I recently developed a mixture of both: An application server that forks for
every request; it was quite successful.

You see (as a rule of thumb): Either you have a simple architecture and high
loads, or a complex architecture and low loads. Perhaps it is possible to find
a simpler solution for one-user applications (i.e. every user has its own
server); this could be comparable to the requirements of "traditional"
toolkits. But then the implicit multi-user accessibility of web applications
goes away.

>- Easier to integrate with other applikations, since two
>  applications can merged on the HTML-page

This is one of the big advantages of HTML-based apps.

>The disadvantages are
>- slower
>- difficult to set focus correctly if the whole page is updated
>  after each input (bugs i IE). This can be solved by being
>  XML-based and talk XML from the browser to the server (which
>  only works on IE>=5 and Netscape 6).

Don't know. I never wanted to set the focus for web apps.

>- browser incompabilities. (for example HTC in IE makes event
>  very easy to handle, but incompatible with active sheet on Netscape,
>  which is buggy)

Yes, a nightmare.

By the way, I have a web toolkit for Caml. It allows the programmer to describe
the application in an XML document, and to add callbacks to the interesting
events. The toolkit solves the details of keeping the state of the application
instance, and provides a way to form HTML pages from fragments. I'm using it for
many of my professional developments. However, it has one major drawback: My
boss owns it, and not me. There is a realistic chance to make it available
under the GPL (yes, GPL, such that nobody else can use it for commercial
projects).

The application uses persistent objects that "survive" between request/response
cycles. In an XML document these objects can be declared, e.g.

<ui:object name="whatever">
  <ui:variable name="x" type="string"/>
  <ui:variable name="y" type="enumerated"/>
  ...
</ui:object>

There is always one main object which typically reflects the current dialogue
state of the session. (Instance) variables contain dynamically created contents
of a page, or serve as target for input elements. What is sent to the
browser is a view of the main object computed by expanding a mixture of HTML
elements and toolkit elements (these have the prefix ui:). E.g.:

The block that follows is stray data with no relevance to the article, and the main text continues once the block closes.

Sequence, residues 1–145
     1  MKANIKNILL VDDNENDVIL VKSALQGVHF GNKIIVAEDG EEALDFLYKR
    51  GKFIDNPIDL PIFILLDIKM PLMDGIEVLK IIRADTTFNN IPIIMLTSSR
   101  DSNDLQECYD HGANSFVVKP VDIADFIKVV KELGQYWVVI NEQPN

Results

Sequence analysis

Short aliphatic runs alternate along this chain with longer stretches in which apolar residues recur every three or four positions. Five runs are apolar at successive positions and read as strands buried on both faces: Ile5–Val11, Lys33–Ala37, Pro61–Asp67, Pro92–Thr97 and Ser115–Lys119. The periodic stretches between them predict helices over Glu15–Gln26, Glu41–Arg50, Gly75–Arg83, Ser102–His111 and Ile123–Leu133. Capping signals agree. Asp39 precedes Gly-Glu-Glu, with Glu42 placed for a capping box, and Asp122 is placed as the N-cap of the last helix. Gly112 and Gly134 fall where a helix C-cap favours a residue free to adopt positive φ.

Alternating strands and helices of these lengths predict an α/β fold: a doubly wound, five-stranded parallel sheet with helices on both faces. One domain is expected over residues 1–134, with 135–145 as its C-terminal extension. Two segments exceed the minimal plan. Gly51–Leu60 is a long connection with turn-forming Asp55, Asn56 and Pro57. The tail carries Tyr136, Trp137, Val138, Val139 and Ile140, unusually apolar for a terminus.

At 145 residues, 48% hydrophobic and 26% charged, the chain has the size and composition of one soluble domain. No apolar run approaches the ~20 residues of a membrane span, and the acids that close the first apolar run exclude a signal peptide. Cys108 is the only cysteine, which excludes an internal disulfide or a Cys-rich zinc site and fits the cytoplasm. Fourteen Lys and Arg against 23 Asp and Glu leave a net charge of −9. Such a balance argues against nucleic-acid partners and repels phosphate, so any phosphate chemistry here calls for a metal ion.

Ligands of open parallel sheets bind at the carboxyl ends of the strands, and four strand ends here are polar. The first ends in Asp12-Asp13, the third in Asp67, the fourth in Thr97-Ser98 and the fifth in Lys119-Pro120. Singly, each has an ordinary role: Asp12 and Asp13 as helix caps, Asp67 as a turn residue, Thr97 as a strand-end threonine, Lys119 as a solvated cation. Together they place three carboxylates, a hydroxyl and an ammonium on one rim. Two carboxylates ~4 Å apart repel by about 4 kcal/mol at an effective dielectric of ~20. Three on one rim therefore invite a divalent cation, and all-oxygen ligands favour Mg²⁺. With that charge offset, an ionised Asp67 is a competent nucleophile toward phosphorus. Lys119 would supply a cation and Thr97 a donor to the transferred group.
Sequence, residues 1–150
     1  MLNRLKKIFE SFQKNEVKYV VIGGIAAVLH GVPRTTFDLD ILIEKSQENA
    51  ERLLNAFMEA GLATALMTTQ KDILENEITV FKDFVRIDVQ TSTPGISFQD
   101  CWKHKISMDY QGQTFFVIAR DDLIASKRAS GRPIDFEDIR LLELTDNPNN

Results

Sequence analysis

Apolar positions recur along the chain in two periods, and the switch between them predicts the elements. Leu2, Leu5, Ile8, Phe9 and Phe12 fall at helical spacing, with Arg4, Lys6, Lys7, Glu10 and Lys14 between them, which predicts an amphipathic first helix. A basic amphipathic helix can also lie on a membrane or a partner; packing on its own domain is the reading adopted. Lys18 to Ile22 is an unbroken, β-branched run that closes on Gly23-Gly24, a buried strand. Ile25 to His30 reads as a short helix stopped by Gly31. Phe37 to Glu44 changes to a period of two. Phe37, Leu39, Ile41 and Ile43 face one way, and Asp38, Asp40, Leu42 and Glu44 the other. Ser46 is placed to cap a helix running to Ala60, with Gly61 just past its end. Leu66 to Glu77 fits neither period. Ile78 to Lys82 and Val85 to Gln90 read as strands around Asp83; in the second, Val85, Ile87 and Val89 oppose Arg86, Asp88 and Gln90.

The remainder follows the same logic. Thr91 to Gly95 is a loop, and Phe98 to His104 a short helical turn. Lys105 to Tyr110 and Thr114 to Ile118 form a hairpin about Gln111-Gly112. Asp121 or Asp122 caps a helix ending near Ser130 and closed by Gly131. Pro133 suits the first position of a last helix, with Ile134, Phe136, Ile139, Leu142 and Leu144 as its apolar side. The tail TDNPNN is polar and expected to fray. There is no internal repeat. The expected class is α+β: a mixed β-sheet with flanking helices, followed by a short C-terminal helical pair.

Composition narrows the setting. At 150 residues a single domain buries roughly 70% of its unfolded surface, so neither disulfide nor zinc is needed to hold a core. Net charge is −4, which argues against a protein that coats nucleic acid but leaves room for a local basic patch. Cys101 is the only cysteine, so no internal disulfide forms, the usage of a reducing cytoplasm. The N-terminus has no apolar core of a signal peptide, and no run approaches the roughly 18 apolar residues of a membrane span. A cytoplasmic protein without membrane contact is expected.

<ui:page>
  <html>
    <body>
      <h1>This is a sample page!</h1>
      The value of variable x: <ui:dynamic variable="x"/>.  
        <!-- ui:dynamic: insert dynamically generated contents -->
      Please enter variable y: 
      <ui:form>
        <ui:text variable="y"/>        <!-- ui:text: make a text input box -->
        <ui:button name="b" label="OK"/>
      </ui:form>
    </body>
  </html>
</ui:page>

When an event happens (button is pressed, or a hyperlink) the toolkit calls
back a user-supplied function or method, and the system can react on the event.

Complex HTML pages can be formed by instantiating templates. A template is an
HTML fragment containing free identifiers (using dollar notation):

- Abstraction:

<ui:template name="t">
  <ui:expectparam name="p1"/>
  <ui:expectparam name="p2"/>
  This is <b>$p1</b> and that is <i>$p2</i>.
</ui:template>

- Application:

<ui:use template="t">
  <ui:param name="p1">one parameter</ui:param>
  <ui:param name="p2">another parameter</ui:param>
</ui:use>

Note that this is not a lambda calculus because abstractions must be done at
top level. 

The resulting application normally separates strictly HTML parts (the layout)
and the programmed code (for the callbacks). The toolkit enforces a clear
concept for the application getting better maintainability.

If anybody is interested in such a toolkit, I can package a version 0.0 tarball
with very incomplete documentation (and perhaps only bytecode and no sources),
and only a few samples one can learn from.


Gerd